Renewable energy is a type of energy that comes from natural resources such as sunlight, wind and water. Renewable energy can be used to generate electricity or heat homes and businesses.
In Malaysia, we have been using fossil fuels like coal and oil to produce electricity since the 1950s.
However these sources are finite meaning they will eventually run out if we continue to use them at this rate. They also emit greenhouse gases which contribute towards climate change when burnt for fuel purposes so it’s important that we find more sustainable ways of producing power for our homes and businesses!
Renewable energy sources like solar panels are becoming more popular because they do not produce harmful emissions like carbon dioxide (CO2) into our atmosphere – this helps reduce global warming by reducing our carbon footprint on Earth!
Malaysia renewable energy.
Malaysia, a country located in Southeast Asia, is endowed with abundant renewable energy resources. In recent years, the Malaysian government has recognized the importance of transitioning from a reliance on fossil fuels to renewable energy sources to ensure energy security, stimulate economic growth, and protect the environment. Key renewable energy sources in Malaysia include:
- Solar energy: Malaysia has a favorable climate for solar energy generation, with abundant sunlight throughout the year. The country has been investing in large-scale solar power plants and promoting rooftop solar installations for residential, commercial, and industrial applications.
- Hydropower: Malaysia has significant hydropower potential, primarily in the states of Sarawak and Sabah on the island of Borneo. Large-scale hydropower plants have been developed, and there are plans to further expand hydropower capacity to meet the growing demand for electricity.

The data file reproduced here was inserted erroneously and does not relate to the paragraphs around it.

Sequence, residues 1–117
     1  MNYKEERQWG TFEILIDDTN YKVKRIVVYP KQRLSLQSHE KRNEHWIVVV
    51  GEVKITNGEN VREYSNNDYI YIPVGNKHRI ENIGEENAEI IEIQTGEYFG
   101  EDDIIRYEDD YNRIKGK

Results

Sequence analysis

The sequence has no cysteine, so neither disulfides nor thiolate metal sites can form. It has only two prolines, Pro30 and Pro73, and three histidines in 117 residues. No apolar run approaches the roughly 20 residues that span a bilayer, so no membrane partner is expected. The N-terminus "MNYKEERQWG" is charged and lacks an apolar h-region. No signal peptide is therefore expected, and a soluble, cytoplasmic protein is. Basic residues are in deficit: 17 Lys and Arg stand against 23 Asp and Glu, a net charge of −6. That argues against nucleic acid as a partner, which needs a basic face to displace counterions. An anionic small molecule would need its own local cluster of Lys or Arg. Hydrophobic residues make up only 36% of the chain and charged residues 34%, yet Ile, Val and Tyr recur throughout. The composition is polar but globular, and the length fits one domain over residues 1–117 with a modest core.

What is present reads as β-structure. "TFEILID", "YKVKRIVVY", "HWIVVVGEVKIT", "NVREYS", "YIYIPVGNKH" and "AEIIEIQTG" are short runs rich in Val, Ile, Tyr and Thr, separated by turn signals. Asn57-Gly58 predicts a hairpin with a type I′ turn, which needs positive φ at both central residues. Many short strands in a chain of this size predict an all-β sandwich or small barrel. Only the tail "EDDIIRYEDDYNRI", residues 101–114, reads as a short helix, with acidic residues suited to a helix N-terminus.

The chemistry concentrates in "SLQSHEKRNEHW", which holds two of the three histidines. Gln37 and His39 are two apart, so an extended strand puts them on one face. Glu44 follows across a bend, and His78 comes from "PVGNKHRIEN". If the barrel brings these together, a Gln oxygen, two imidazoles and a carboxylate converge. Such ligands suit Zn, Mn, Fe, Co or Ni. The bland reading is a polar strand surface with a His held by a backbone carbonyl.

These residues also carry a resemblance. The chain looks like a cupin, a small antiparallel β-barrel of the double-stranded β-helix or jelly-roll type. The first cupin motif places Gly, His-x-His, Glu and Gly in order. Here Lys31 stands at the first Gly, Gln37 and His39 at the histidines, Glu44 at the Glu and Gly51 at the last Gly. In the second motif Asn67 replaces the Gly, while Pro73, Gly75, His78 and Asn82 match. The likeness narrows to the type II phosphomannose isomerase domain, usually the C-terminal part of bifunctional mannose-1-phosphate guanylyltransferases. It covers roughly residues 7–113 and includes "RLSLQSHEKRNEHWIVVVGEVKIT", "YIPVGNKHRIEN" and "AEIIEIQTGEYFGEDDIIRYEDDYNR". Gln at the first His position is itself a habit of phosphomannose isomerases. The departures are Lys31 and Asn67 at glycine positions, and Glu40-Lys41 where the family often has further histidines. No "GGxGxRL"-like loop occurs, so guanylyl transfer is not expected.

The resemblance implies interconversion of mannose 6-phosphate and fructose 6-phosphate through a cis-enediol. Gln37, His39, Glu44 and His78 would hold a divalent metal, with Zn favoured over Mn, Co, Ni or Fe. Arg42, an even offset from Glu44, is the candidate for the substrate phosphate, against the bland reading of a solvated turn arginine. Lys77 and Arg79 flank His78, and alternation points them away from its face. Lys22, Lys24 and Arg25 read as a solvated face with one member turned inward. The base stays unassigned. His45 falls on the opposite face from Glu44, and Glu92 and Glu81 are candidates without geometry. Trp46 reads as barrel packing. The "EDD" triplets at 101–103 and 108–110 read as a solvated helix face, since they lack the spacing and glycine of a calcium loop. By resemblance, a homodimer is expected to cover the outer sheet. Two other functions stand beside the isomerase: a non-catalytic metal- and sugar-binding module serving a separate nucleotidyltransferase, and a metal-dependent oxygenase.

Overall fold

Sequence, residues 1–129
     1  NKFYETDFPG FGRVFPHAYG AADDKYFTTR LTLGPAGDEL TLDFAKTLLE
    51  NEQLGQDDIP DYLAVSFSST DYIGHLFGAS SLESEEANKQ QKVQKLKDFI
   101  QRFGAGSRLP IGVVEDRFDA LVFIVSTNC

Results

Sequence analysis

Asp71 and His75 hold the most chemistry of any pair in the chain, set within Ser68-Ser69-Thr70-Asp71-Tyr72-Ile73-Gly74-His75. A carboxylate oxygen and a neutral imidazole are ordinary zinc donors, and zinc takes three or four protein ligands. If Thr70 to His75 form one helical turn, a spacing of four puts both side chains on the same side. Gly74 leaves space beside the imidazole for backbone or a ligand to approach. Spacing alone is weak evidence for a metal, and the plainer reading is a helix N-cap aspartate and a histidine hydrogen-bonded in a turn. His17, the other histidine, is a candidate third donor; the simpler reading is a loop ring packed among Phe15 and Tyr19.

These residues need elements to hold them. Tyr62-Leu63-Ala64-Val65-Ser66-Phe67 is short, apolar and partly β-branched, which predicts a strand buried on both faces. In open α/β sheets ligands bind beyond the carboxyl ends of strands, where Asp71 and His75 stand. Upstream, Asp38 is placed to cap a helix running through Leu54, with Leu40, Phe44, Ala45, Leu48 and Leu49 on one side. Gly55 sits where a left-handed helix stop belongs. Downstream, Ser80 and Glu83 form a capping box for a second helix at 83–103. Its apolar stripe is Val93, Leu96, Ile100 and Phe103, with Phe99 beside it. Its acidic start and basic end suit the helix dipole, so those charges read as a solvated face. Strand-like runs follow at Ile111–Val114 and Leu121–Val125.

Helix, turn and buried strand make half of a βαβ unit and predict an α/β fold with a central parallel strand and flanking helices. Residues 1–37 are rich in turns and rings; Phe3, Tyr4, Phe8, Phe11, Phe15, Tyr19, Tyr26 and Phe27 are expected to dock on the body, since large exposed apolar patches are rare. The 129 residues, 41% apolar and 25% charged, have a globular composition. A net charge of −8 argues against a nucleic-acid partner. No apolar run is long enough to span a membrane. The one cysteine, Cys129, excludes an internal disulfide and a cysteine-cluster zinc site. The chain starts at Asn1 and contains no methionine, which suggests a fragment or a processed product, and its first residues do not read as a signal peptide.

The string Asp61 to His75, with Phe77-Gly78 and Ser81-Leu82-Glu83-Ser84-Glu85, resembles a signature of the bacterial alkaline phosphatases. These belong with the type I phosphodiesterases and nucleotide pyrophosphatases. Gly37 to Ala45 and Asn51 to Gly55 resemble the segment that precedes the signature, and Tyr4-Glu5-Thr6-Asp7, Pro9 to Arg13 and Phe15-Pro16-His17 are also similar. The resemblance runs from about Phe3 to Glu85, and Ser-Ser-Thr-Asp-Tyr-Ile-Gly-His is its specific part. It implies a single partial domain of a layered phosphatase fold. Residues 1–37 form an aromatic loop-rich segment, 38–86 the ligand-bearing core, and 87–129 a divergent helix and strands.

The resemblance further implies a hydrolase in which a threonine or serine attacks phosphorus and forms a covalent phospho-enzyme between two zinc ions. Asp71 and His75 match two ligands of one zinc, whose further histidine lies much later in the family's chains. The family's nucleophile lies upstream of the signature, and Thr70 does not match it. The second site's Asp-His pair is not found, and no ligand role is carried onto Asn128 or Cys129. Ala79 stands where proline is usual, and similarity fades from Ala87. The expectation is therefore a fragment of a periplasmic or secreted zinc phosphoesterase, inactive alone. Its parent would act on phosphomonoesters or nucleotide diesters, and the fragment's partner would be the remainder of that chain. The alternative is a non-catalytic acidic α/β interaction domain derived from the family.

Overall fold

- Biomass and biogas: Malaysia’s large agricultural sector, particularly the palm oil industry, generates substantial amounts of biomass waste that can be converted into energy. Additionally, biogas production from palm oil mill effluent and landfill waste is another potential renewable energy source. Both biomass and biogas can be used to generate electricity and heat.
- Wind energy: Although Malaysia does not have as much wind energy potential as some other countries, there are still areas with sufficient wind speeds to generate electricity. Wind energy projects are being explored in certain locations, such as the east coast of Peninsular Malaysia and Sabah.
- Geothermal energy: Malaysia has identified a few geothermal resources, mainly in Sabah. Although not yet utilized on a large scale, geothermal energy has the potential to contribute to the country’s renewable energy mix.
The Malaysian government has implemented various policies and initiatives to support the growth of renewable energy, such as the Sustainable Energy Development Authority (SEDA) and the introduction of a feed-in tariff (FiT) system to incentivize renewable energy production. These efforts aim to increase the share of renewable energy in Malaysia’s energy mix and achieve the country’s sustainability goals.